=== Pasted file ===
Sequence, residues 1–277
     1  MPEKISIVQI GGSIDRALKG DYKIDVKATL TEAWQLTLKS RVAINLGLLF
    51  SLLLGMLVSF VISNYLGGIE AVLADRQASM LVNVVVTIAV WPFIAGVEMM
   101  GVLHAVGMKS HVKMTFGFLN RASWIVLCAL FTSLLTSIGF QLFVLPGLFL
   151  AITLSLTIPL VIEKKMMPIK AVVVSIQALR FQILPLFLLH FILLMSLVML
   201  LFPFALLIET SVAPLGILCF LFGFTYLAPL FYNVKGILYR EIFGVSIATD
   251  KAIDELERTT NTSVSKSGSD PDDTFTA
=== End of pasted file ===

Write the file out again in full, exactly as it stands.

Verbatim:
Sequence, residues 1–277
     1  MPEKISIVQI GGSIDRALKG DYKIDVKATL TEAWQLTLKS RVAINLGLLF
    51  SLLLGMLVSF VISNYLGGIE AVLADRQASM LVNVVVTIAV WPFIAGVEMM
   101  GVLHAVGMKS HVKMTFGFLN RASWIVLCAL FTSLLTSIGF QLFVLPGLFL
   151  AITLSLTIPL VIEKKMMPIK AVVVSIQALR FQILPLFLLH FILLMSLVML
   201  LFPFALLIET SVAPLGILCF LFGFTYLAPL FYNVKGILYR EIFGVSIATD
   251  KAIDELERTT NTSVSKSGSD PDDTFTA